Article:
This Australian favourite could transform your health

What’s the one simple exercise that even a few sessions a week can transform your health?

It’s an Australian favourite, swimming of course and just two sessions a week could improve several body functions. 

Australia is a nation that by and large hugs the coastline, and as such we are a nation of swimmers.

You may not swim often, but you probably know how to swim. But maybe you should rethink the amount you swim, because your health could take a massive boost with even just a regular weekly swim.

The low-impact nature of swimming, plus controlled breathing makes the activity second to none for improving health. 

And we love it. It’s estimated more than 3.5 million people aged over 15 years old in Australia participated in swimming in 2023. 

Here’s just a few ways swimming can improve your health.


study produced by Swim England found swimming lowered the risk of early death by 28 overall and lowered the risk of death due to heart disease and stroke by 41 per cent. 

Swimmers even have lower mortality rates than runners, 

Heart to heart

Research shows swimming lowers resting blood pressure. 

“Swimming is a whole-body rhythmic and dynamic activity that raises your heart rate and reduces your blood pressure effectively,” Hirofumi Tanaka, co-author of multiple swimming-related studies and the director of the Cardiovascular Aging Research Laboratory at the University of Texas at Austin told National Geographic.

Weight loss

And then there is good old-fashioned weight loss. This study compared one group of middle-aged women swimmers to a group who didn’t swim and if found the body fat decreased in the swimming group. The swimming group also improved their flexibility and cardiovascular endurance.

According to MedicalNewsToday, it ‘torches’ kilojoules. A 75-kilogram person burns about 1770 kilojoules an hour while swimming at just a low or moderate pace. 

Even just treading water can burn up the fat. It’s estimated if your treading water at a high intensity, you can burn more than 1255 kilojoules in 30 minutes. 


Swimming uses just about every muscle in your body, considering different strokes and different types of water activities. 

It’s also an exercise for everyone. From little kids to older Aussies, there is a swimming activity out there for you.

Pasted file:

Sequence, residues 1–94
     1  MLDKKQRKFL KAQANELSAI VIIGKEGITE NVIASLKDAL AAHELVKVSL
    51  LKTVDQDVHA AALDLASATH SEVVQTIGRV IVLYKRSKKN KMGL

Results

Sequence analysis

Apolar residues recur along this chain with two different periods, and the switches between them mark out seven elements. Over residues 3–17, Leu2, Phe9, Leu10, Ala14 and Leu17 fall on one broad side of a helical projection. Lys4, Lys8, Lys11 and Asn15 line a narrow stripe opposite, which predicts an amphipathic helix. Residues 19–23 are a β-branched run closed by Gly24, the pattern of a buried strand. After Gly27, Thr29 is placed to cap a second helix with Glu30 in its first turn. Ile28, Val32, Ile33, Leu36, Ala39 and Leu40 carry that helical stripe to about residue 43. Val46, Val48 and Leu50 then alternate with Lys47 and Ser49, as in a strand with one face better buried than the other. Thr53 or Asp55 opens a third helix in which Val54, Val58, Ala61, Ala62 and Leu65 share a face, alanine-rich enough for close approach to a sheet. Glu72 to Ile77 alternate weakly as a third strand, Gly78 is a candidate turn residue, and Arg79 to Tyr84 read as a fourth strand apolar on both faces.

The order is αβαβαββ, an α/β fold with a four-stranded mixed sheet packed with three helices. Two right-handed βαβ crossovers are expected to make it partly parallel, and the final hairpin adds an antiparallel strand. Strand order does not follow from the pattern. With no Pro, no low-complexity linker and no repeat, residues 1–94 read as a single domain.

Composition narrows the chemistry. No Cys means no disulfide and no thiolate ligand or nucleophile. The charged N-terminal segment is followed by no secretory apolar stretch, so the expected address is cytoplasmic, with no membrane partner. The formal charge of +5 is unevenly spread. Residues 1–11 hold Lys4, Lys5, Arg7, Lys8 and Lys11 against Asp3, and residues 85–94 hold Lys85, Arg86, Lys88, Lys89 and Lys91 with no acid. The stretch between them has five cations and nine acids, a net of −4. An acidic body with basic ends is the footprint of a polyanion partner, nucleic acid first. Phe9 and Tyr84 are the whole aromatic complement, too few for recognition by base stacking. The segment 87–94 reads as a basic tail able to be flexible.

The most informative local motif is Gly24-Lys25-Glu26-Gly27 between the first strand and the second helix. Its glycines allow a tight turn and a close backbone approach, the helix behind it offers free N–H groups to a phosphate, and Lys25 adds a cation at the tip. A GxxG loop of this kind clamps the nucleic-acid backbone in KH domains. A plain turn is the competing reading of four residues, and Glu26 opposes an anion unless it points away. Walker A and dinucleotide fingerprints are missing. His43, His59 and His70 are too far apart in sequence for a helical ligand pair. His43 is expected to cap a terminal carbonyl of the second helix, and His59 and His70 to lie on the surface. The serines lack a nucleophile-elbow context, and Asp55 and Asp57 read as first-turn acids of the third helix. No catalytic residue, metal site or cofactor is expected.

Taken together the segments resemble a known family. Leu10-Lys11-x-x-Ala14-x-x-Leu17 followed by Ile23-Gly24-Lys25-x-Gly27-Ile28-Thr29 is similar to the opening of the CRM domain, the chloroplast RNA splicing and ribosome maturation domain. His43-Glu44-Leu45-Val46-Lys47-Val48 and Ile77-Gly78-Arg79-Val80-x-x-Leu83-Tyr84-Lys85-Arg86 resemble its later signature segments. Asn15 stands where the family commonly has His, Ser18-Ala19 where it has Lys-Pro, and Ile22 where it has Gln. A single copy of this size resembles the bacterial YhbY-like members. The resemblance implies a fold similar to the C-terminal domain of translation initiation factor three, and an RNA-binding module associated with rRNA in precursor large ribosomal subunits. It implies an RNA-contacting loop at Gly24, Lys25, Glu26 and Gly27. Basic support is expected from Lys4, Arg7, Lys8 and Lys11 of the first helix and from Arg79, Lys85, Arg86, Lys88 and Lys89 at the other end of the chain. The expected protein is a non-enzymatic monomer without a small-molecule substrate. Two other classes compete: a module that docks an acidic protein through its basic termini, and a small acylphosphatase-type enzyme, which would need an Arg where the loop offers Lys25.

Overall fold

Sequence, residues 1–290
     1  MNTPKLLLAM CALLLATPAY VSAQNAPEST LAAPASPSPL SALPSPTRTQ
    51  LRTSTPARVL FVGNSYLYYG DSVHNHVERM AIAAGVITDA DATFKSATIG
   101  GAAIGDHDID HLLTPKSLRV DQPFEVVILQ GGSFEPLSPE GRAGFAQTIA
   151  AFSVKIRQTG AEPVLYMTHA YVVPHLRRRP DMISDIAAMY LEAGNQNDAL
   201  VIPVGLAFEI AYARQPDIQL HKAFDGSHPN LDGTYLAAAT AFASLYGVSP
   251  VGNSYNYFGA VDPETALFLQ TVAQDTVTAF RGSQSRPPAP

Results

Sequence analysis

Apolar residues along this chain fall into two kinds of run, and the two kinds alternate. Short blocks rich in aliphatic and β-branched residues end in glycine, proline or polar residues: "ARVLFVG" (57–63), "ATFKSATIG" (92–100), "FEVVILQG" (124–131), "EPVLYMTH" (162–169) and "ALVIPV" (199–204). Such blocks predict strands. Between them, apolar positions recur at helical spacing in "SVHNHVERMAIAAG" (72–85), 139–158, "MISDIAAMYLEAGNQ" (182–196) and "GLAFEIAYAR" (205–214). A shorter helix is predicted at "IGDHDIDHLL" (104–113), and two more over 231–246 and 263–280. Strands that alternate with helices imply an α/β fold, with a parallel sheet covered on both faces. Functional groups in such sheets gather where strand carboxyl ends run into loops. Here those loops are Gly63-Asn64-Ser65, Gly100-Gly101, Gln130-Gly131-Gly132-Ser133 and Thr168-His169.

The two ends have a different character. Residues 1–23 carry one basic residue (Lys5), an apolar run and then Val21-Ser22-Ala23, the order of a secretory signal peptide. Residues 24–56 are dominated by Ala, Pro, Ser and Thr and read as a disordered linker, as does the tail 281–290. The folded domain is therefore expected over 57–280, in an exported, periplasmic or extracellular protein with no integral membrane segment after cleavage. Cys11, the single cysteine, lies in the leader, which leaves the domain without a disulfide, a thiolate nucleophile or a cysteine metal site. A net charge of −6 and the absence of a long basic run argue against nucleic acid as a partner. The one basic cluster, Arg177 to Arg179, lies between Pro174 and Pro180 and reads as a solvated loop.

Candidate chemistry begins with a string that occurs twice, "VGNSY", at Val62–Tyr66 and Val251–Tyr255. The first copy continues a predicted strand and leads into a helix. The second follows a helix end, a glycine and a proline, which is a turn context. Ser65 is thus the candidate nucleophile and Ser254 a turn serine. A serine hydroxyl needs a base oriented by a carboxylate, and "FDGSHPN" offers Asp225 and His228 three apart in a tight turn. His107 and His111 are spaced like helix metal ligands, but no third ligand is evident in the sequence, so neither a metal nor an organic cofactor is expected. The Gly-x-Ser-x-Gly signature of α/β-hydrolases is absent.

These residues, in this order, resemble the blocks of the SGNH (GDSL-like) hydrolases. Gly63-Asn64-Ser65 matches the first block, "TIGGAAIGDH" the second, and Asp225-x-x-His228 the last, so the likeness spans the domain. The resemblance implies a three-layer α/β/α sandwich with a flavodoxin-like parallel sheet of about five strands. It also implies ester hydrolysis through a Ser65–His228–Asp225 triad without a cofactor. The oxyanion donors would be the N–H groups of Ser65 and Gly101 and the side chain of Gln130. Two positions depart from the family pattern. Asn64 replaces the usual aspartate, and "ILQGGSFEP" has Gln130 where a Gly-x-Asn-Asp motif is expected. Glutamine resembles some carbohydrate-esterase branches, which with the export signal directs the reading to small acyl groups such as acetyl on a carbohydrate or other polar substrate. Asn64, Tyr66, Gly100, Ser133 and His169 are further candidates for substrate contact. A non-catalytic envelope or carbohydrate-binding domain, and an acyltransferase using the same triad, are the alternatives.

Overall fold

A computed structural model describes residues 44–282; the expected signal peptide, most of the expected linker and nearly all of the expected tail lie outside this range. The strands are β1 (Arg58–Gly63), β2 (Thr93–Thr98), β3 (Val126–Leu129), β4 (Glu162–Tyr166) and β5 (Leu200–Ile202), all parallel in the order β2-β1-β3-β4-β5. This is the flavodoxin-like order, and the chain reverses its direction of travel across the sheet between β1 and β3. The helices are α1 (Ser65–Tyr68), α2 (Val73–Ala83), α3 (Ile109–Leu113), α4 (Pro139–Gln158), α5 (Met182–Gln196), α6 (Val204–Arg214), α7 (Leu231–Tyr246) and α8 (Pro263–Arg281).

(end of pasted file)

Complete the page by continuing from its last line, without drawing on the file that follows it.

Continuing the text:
It also builds muscle strength and mass which is so important as we age. 

According to Betterhealth, muscle loses size and strength as we get older, which can contribute to fatigue, weakness and reduced tolerance to exercise. 

Maintaining muscle mass can improve balance – which reduces your risk of falls and hospitalisations – and reduce the risk of chronic disease and obesity.   

Improving sleep

Naturally with a bit of extra exercise, you will probably sleep better. It certainly works with kids. A big day at the pool and beach and my kids were out to it about an hour after we got home. 

Joint venture

It’s especially good for people who find weight-bearing exercising difficult such people suffering from obesity, exercise-induced asthma and orthopaedic injuries and disease.

Water pressure removes the strain on a person’s joints, so people with arthritis may find swimming the return to exercise they have been looking for. 

Swimming also stimulates blood circulation and makes your joints more flexible, all of which have been shown to improve arthritis symptoms. 

Warm water can also ease stiff joints and relax sore muscles. And it doesn’t have to be a vigorous swim, a session in a hydrotherapy pool may also support your treatment. 

Getting started

If it’s been a while since you were in the pool or beach, start small with a wade and a quick swim. As mentioned above, even treading water will burn some calories. 

Most larger swim centres have water aerobics sessions. Most of the participants are older and the pace is a bit gentler than normal aerobics simply because the water resistance requires it.

There is always just good old-fashioned lap swimming. Pools will have set lap times or you can just rock up and do a few laps. Busy pools always have a ‘slow’ lane. No judgment there, just get started. 

Also at my pool, many older people just use the hydrotherapy pool and spa. Maybe start off in these and do a few laps to cool down, gradually building up until you are doing more laps than sedentary pool time.

Are you a swimmer or have you considered taking it up? Why not share your experience in the comments section below?

Also read: Cold water swimming and other exercises to improve menopause

Jan Fisher
Jan Fisher
Accomplished journalist, feature writer and sub-editor with impressive knowledge of the retirement landscape, including retirement income, issues that affect Australians planning and living in retirement, and answering YLC members' Age Pension and Centrelink questions. She has also developed a passion for travel and lifestyle writing and is fast becoming a supermarket savings 'guru'.


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